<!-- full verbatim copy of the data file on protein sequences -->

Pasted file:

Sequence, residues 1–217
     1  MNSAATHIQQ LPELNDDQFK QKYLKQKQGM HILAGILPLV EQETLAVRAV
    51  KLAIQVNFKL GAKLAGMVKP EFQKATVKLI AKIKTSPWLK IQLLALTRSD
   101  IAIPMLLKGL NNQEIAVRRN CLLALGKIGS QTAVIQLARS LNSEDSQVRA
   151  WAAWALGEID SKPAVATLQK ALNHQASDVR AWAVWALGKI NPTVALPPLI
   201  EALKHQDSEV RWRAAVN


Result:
Sequence, residues 1–217
     1  MNSAATHIQQ LPELNDDQFK QKYLKQKQGM HILAGILPLV EQETLAVRAV
    51  KLAIQVNFKL GAKLAGMVKP EFQKATVKLI AKIKTSPWLK IQLLALTRSD
   101  IAIPMLLKGL NNQEIAVRRN CLLALGKIGS QTAVIQLARS LNSEDSQVRA
   151  WAAWALGEID SKPAVATLQK ALNHQASDVR AWAVWALGKI NPTVALPPLI
   201  EALKHQDSEV RWRAAVN